Kelly Holleran Jun. 11, 2013, 7:00am

The owners of a Red Bud grocery business seek more than $1 million after they claim the bank that foreclosed on their property wrongly prohibited them from collecting personal property within the premises before selling it.

Kevin Miller, Pamela Miller, Wayne Miller and Elsie Miller filed a lawsuit May 21 in St. Clair County Circuit Court against First Bank.

In their complaint, the plaintiffs, who ran a grocery and meat business, claim they were not allowed to recover their personal property from their store before First Bank sold it in a public auction on July 11, 2011. The property had been locked in the store for more than two years, according to the complaint.

In addition, the plaintiffs say the bank should not have been allowed to foreclose on their property when it did. Although it had obtained a judgment to foreclose on the premises on Dec. 11, 2009, the bank waited more than two years to do so, the suit states.

By the time First Bank sold the property, it was worth more than what the Millers owed to the bank, the complaint says. The Millers claim they could have sold the property in a private sale for a positive cash recovery.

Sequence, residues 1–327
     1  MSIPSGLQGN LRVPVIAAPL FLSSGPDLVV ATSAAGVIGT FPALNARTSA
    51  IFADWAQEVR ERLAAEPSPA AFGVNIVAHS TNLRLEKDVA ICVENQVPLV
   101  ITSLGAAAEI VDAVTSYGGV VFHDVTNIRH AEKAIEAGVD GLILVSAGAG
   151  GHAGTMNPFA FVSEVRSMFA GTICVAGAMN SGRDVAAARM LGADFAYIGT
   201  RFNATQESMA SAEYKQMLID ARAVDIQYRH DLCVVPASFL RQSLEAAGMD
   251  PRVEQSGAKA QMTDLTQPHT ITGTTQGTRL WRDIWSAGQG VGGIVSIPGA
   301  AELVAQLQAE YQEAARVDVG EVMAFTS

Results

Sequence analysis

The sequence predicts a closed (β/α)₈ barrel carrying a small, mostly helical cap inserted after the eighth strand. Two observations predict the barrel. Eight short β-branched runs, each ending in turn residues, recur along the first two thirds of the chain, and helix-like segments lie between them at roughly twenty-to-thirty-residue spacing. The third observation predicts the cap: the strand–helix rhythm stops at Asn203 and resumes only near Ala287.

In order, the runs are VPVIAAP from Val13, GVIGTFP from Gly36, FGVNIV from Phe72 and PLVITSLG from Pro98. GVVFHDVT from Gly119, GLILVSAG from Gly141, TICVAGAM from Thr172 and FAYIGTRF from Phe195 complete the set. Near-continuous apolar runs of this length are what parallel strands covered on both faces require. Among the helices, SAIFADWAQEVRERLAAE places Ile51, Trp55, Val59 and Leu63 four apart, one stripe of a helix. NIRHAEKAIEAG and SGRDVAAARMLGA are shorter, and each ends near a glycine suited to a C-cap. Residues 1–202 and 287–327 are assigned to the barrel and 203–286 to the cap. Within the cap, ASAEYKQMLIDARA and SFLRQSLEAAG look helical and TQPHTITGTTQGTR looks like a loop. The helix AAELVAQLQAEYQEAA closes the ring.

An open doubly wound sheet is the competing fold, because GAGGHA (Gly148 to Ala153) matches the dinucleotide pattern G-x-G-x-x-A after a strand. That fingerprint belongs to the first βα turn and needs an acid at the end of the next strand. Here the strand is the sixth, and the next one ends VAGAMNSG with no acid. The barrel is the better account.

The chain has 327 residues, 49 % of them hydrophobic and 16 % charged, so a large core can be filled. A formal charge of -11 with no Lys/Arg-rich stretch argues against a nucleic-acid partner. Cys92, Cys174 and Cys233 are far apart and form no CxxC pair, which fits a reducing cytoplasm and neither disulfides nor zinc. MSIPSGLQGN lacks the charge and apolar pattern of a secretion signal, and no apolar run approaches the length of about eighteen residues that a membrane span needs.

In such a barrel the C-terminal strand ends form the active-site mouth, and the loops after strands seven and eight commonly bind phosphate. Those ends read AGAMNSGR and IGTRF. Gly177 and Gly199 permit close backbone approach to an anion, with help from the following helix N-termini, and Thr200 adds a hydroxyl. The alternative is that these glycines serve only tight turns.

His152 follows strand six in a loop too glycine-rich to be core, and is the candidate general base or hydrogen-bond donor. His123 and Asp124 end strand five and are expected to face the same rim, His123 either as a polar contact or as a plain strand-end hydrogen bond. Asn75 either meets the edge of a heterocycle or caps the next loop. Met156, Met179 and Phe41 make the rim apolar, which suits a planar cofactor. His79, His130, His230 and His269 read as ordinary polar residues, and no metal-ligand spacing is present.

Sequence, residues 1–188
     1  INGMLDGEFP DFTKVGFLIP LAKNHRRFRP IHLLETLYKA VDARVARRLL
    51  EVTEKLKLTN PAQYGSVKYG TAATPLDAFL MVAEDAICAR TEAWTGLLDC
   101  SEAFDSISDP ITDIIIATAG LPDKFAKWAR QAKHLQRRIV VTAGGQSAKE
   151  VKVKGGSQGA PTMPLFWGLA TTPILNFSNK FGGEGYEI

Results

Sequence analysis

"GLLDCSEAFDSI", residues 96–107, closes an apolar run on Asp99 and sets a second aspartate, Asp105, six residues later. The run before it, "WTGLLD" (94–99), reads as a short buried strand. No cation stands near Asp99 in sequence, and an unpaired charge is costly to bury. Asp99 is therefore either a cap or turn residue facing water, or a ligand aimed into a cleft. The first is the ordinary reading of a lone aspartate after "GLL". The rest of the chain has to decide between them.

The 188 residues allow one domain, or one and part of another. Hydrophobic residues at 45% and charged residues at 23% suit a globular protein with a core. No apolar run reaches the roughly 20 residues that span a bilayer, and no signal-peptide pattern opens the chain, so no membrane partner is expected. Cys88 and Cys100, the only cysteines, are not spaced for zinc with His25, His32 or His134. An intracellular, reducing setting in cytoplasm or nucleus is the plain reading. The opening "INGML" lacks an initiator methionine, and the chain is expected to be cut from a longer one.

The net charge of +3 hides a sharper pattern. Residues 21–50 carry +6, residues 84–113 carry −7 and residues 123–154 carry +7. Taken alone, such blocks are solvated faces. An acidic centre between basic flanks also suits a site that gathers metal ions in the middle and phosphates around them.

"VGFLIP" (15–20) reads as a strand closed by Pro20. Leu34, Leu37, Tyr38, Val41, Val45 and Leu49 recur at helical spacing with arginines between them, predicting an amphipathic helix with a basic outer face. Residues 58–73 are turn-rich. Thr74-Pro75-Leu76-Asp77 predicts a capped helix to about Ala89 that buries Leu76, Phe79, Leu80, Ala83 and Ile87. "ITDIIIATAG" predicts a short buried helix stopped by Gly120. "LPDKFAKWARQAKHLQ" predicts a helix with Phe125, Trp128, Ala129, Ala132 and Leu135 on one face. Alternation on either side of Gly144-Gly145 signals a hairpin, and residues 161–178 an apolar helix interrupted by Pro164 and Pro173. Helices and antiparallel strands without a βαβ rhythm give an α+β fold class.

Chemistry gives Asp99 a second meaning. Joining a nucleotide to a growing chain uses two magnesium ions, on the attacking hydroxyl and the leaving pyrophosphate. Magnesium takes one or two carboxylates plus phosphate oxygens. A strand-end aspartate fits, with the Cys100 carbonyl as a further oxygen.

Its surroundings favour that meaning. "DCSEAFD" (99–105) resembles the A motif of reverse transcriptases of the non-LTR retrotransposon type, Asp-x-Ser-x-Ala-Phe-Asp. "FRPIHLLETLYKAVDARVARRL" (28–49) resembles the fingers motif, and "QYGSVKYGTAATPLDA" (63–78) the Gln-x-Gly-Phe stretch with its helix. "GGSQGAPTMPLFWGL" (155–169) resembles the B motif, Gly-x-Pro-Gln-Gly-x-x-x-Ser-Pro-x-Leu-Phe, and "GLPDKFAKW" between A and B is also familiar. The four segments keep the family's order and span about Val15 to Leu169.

“The private sale of the premises to proferred potential buyers tendered by the plaintiffs would have reduced the costs, interest, attorneys fees and other expenses resulting from the two year delay in selling the premises, including the costs of public sale of the premises,” the suit states.

The Millers say First Bank breached its contract by prohibiting access to the personal property inside the premises, which the bank did not have authority to do.

Because of the bank’s actions, the Millers have been humiliated in their community, have experienced difficulty obtaining credit and have lost profits and income, according to the complaint.

In their two-count complaint, the Millers seek a judgment of $1 million, actual damages of $1 million and punitive damages of $1 million, plus costs.

George R. Ripplinger of Ripplinger and Zimmer in Belleville will be representing them.

St. Clair County Circuit Court case number: 13-L-263.

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